So, I supposed that's my question is. Is this the next cigarette?

EYAL: Well, it's not the next cigarette -- and that -- it's -- there's no barrier that is being crossed into the body. So, as bad as this technology potentially could be for us, you know, we got to put this in perspective, we're not free based in Facebook, we're not injecting Instagram here, these are behaviors.

And look, some people do have behavioral addiction, right? People gamble obsessively, people has sex addictions, people have food addictions. It doesn't necessarily need to be a drug that addicts us because people can be addicted to virtually anything. Now, what's difference here is these technologies are designed to keep us coming back.

VANIER: As users, is there anything that we need to know? Is there anything that we should be doing? Because in your talks, you explain that a lot of the applications, a lot of the services, the Facebook, the Twitters, the Instagrams, etcetera. They are designed -- as you just said, to keep people coming back.

Because there's that trigger, and I really encourage people from doing read your book and listen to your talk. There's a trigger, and people keep coming back to it because they want that reward.

Is there something that we need to sort of know perhaps? Not on moderate are used but to use it better in a way at least that it is not harmful.

EYAL: All right. So, there's two things I want people to know. Number one is that this is not an accident, right? The fact that these products are designed to keep you coming back is not a mistake if found an accident. You need to realize that these products are built by people who understand what makes you click and what makes you tick better than you understand yourself.

That being set the worst take away from this is that you think you're powerless. You know, there's been several studies done on addicts of hardcore drugs and alcohol that find that people who believe that they are powerless to resist temptation are the most likely to relapse.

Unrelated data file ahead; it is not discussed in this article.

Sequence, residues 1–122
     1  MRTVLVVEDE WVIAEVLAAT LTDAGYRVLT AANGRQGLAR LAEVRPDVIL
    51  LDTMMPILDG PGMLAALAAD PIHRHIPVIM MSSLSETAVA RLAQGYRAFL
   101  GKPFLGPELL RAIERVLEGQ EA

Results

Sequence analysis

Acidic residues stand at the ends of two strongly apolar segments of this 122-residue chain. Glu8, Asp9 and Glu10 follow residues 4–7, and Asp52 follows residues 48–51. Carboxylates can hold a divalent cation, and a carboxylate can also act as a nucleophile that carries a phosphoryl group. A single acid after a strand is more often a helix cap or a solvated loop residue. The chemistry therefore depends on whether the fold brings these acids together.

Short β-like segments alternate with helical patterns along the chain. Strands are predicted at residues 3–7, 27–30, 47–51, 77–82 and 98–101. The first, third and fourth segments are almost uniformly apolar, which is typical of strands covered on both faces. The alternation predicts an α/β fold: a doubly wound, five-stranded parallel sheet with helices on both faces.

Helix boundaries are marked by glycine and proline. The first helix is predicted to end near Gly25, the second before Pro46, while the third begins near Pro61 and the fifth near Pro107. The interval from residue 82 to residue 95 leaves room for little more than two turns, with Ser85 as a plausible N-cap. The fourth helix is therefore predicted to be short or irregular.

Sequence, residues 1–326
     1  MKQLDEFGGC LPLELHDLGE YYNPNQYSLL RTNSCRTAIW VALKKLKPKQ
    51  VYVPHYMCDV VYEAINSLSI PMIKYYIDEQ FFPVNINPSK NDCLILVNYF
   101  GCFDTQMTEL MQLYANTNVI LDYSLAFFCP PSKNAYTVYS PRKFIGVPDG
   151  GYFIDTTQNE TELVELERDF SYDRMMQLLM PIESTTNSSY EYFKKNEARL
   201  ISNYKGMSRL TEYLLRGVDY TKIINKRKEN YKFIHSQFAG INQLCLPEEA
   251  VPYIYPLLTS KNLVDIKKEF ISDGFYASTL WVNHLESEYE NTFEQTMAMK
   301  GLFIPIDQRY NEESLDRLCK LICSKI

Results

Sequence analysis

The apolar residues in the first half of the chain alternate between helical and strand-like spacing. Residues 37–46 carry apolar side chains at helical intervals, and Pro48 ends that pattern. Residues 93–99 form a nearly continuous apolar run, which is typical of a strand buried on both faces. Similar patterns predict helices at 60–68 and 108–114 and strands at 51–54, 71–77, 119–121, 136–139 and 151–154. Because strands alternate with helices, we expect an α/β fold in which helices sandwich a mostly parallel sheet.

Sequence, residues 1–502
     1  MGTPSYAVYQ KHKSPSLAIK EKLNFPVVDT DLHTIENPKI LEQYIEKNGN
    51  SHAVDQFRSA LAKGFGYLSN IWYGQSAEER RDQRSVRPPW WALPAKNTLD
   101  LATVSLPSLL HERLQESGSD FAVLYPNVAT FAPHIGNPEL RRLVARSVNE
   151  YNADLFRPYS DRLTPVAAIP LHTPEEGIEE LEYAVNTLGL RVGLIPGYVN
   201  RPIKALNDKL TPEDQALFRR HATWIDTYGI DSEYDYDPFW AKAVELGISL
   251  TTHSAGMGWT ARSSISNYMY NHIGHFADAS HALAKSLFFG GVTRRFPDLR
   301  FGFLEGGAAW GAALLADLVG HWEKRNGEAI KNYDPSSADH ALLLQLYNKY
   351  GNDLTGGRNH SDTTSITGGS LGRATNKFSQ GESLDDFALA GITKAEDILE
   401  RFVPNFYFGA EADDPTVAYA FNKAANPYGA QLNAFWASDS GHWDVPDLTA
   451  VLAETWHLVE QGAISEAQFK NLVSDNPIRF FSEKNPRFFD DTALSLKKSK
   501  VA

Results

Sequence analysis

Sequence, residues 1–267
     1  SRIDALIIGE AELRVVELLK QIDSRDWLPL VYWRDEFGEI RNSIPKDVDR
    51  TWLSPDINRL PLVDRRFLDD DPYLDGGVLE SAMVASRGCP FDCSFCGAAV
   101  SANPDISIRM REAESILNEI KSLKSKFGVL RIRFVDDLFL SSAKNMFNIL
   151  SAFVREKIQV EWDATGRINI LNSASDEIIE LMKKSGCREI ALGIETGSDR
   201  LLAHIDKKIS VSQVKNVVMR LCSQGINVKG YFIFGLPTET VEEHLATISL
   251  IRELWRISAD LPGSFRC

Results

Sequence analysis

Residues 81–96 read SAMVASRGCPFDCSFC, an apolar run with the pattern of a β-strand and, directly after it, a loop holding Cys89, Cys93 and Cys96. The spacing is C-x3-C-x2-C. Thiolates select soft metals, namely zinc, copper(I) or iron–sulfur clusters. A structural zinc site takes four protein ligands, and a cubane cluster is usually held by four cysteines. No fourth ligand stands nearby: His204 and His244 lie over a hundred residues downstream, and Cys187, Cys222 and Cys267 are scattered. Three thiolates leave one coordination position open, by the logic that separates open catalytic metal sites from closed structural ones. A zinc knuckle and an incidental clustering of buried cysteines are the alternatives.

So, the most important thing you can take away is number one, yes, these products are potentially addictive. But number two, there is so much you can do to resist that addiction just to put the technology displace. One of the most simple things you can do is to get control of those triggers. You know, two-thirds of people who own a smartphone never bother to change the notification settings on their phone, that's ridiculous. It will take 15 minutes, block that thing that keeps bringing you back to Facebook so that you can check it on your schedule, not on Facebook schedule. This is really, really simple stuff that all of us can do, and you know what? There's nothing those tech makers can do to stop us.

VANIER: All right, I'm blocking that thing after this interview. Well, last question, I've heard you say, all of this kind of technology can also actually be used for the better good, for the greater good. And help us life live happier more contented lives. Why you say that?

[02:55:07] EYAL: Absolutely. So, there is no way to separate what makes a product potentially addicted from what makes it good. And fond to use and user-friendly. I mean the reason that we find ourselves so engaged by this product is because they are designed so well we want to use them.

Now, that's not necessarily a problem, that's what we call progress. I mean, think about it for a minute. Do we want these products to be hard to use? To be things that we don't enjoy using? Of course not, that's ridiculous. It's up to us to take these technologies and make sure we use them responsibly.

And look, there will be an adjustment period where we need to figure out how to make sure we can control these technologies so that they don't control us.

VANIER: Nir Eyal, I'm so happy we spoke to you today. Thank you very much. Fascinating perspective there. Have a great day, thanks.

EYAL: Thank you.

ALLEN: All right, the commercial break, I'm going to take up all the silly Instagram. Instagram notices who cares. Thanks, Cyril, for that. Thanks for watching this hour, we'll be right back with our top story.


DONALD TRUMP, PRESIDENT OF THE UNITED STATES: You know, I'm not a racist. I'm the least racist person you have ever interviewed.

ALLEN: And that's the latest from the U.S. President on the topic on this.